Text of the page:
8 results for month: 06/2014


Advanced Care Planning – What to Do Now!

This is important! And often overlooked, neglected, procrastinated, or ignored...for many reasons. If you are an adult, you need to think about your future and your wishes and desires in terms of your health care. And you need to discuss these wishes and desires with those close to you. It is only by doing this that you can ensure that your choices will be heard. It is sometimes a difficult conversation to start, but those around you and close to you need to hear you. Start by thinking about quality of life, choices, and what is important to YOU. Think about who you can trust to listen to you and carry out your wishes if you are no longer capable ...

8 Beliefs That Can Hold Caregivers Back (from reaching out for help)

Family caregivers too often suffer from two very common things: overwhelm and isolation. Or, to it put another way, exhaustion and loneliness. So often, the nature of illness and trauma not only disrupts our normal ways of living, but also disrupts our connections with people who care about us. Caregivers who reach out for support gain the benefits of lessening their burdens and of feeling the warmth provided by people who care. Too often, caregivers hold back from reaching out because of beliefs they have about doing so:  Nobody else can do what I do for my loved one.  My loved one won’t accept help from anyone but me.  I’m too ...

A Tribute to AJ Halavacs

  AJ Halavacs of Fort Lauderdale, FL died unexpectedly earlier this month. Since learning of his death a few days ago, I have been shaken to my core. I had met AJ only briefly on April 12 at Moffitt Cancer Center in Tampa, FL. But what an impression he made! With his big personality and his story. AJ was among the patient guest speakers at a CLL Town Hall meeting at Moffitt, sponsored by Patient Power. The educational symposium featured two CLL specialists and was attended by more than 150 CLL patients and their families and friends. He was a tall, strapping, handsome man with a ruddy complexion and a radiant smile. He never ...

Twitter Tips and Resources for Cancer Patients

The "Twitterverse" is pretty mainstream now and not just for the younger generations any more. Of the many, many uses for twitter, cancer information, education and support are gaining ground. Twitter is fast, easy, mobile and instantly gratifying.  Information literally at your fingertips. Several articles have been published on the increased use of twitter by cancer patients, from cancer patients tweeting through chemo, "power" cancer patient tweeters in Japan, and a controversial article in ASCO about a breast cancer patient tweeting about her disease. Tweeting is easy. Set up an account and go! If you are interested in getting some good ...

Patient-Selected Controlled Clinical Trials: A Valid Proposal

Lagging patient accrual numbers for cancer clinical trials has always been an issue. In a previous post, I mentioned several reports that showed that the current system of enrollment for clinical trials just isn't working for patients, researchers or sponsors from pharmaceutical companies. In the current issue of the ASCO Post, Jim Omel, MD and Karl Schwartz, MFA have written a great article proposing a new type of clinical trial: A Patient-Selected Controlled Trial. The authors explain that this approach is not meant to replace the randomized controlled trial design "when it's feasible and ethical to use it". They suggest that it be used as "an ...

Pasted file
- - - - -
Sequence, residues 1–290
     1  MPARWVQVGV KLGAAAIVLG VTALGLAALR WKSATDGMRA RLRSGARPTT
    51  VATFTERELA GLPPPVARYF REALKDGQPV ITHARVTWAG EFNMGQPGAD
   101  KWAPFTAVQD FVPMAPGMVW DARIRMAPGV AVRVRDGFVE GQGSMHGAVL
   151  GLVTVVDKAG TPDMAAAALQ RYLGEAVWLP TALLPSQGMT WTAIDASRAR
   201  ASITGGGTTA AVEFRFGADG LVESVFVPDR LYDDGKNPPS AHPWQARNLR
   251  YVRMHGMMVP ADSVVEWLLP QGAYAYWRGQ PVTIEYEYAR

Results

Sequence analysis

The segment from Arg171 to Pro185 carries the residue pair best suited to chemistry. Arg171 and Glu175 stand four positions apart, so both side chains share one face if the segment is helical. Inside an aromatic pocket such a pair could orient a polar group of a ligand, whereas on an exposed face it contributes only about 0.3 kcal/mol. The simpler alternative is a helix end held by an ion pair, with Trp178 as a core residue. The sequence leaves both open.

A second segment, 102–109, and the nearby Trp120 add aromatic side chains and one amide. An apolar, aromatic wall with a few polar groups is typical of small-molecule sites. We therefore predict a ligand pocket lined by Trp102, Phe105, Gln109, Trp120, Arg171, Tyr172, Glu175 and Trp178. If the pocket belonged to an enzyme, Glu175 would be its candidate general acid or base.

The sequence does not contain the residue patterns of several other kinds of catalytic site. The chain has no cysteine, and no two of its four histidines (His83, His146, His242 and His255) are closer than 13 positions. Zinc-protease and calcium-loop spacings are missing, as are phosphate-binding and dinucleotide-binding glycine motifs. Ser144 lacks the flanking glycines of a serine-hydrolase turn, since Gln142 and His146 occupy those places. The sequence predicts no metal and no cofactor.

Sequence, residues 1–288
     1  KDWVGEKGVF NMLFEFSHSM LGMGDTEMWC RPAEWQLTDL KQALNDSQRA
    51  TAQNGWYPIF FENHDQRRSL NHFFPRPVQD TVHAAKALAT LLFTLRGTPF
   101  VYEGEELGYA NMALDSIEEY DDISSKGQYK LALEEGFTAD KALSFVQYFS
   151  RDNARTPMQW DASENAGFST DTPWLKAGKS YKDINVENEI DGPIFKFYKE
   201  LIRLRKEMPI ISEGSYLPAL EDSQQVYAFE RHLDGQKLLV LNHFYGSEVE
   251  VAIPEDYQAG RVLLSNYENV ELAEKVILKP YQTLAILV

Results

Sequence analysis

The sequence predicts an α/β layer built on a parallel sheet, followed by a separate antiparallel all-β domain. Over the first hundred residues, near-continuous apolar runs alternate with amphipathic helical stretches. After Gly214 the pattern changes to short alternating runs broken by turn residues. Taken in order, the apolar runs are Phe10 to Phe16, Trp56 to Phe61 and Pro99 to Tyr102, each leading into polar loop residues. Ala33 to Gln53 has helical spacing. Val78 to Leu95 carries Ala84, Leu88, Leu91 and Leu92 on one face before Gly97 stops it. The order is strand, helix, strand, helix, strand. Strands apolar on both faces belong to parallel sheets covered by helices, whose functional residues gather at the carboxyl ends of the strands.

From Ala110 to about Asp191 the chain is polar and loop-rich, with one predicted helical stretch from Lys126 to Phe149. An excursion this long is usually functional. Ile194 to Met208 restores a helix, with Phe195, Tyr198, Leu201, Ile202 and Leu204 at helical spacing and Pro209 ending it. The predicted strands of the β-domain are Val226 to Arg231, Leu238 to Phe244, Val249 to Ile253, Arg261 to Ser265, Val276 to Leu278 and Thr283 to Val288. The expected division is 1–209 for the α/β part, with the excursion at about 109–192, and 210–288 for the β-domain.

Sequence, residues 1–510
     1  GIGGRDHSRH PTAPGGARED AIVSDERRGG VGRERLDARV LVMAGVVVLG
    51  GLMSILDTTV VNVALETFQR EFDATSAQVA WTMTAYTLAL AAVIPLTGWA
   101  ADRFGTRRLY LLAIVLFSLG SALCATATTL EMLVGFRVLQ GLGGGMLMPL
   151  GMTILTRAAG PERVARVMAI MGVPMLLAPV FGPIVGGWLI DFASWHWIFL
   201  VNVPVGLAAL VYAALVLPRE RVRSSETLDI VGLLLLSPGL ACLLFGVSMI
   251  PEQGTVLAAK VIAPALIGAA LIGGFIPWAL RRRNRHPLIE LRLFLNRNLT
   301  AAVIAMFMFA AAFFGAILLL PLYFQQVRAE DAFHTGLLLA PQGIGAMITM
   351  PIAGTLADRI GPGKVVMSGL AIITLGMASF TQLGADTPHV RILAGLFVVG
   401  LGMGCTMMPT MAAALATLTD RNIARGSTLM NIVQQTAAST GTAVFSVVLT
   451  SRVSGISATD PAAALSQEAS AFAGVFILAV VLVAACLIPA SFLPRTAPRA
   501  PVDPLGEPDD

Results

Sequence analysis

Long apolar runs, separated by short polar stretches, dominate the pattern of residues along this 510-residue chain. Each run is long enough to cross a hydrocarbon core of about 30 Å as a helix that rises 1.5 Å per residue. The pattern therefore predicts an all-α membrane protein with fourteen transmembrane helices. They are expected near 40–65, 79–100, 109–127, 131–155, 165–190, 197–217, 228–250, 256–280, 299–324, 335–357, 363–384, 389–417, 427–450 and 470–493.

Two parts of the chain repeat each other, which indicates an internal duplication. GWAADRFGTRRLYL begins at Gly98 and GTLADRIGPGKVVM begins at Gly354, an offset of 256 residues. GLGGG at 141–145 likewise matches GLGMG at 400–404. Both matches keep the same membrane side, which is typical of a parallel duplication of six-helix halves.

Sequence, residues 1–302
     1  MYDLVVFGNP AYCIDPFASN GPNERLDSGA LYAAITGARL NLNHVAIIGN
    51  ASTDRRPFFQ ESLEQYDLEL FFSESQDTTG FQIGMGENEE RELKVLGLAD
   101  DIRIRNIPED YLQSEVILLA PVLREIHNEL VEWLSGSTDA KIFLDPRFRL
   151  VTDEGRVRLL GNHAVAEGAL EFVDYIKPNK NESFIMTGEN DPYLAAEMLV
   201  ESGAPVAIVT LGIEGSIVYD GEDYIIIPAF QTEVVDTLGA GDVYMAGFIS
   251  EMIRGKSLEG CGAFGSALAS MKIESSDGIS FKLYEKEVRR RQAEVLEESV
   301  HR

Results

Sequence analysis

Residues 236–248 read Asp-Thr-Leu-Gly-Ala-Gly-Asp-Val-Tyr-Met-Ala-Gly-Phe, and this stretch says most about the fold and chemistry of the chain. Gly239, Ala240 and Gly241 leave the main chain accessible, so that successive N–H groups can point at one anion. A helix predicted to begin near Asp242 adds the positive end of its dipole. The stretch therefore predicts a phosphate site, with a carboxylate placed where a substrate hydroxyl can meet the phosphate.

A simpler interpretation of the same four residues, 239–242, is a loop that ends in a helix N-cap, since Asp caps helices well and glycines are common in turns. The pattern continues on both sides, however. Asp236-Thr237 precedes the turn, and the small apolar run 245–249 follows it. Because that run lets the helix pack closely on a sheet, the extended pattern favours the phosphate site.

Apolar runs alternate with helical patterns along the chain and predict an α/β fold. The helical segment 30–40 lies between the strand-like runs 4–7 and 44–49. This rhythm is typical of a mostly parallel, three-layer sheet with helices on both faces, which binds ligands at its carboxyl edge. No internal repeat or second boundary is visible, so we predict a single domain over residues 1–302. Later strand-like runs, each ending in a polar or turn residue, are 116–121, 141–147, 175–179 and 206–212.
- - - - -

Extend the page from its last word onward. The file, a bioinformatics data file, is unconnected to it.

Can(cer) Do! – Why We Should Talk About Cancer

I saw two productions about cancer in a 48-hour period this weekend…and went home smiling. The first, produced at Washington, DC’s Theatre J, was called The Prostate Dialogues. It was written and acted by a very fine local raconteur, Jon Spellman. In 75 minutes – with no break – John unfurled his prostate cancer story from diagnosis to his treatment decision (surgical extraction at Johns Hopkins). Along the way, Jon peppered his experience with humor and a graphic depiction, through a normal and happy cell called “Glen,” of the development of those nasty mutated cancer cells. A five-minute description of a 20-year process. Brillia...

Anxiety of Hope?: Drinking from the “Firehose” of Cancer News

This is prime season for cancer news reporting. As I write this we have a Patient Power team in Chicago at the annual meeting of ASCO, the American Society of Clinical Oncology. Media from around the world are there and so are patient-advocates because it is what I like to call the “world series” of cancer. Tens of thousands of doctors and researchers from around the world attend to present their data or hear reports from others. And, of course, all the drug companies are busy bees there too. We are producing 20 or so video reports from ASCO and you can find news reports all over the web. In about 10 days we’ll be at it again – ...

Mobile Apps for Cancer Patients

Which apps can be used by chronic cancer patients to help them with their illness and overall health? There are literally thousands of medical apps in the marketplace and it is very difficult to sift through them and find out which ones are easy to use, practical and helpful. I did some research, asked some patients, and read a lot of reviews to try and get an idea of which ones were helpful for chronic cancer patients. Research and Information I asked Cindy Chmielewski, (@MyelomaTeacher),  a multiple myeloma survivor and patient advocate for the disease what apps she uses to stay abreast of the latest news in cancer research and ...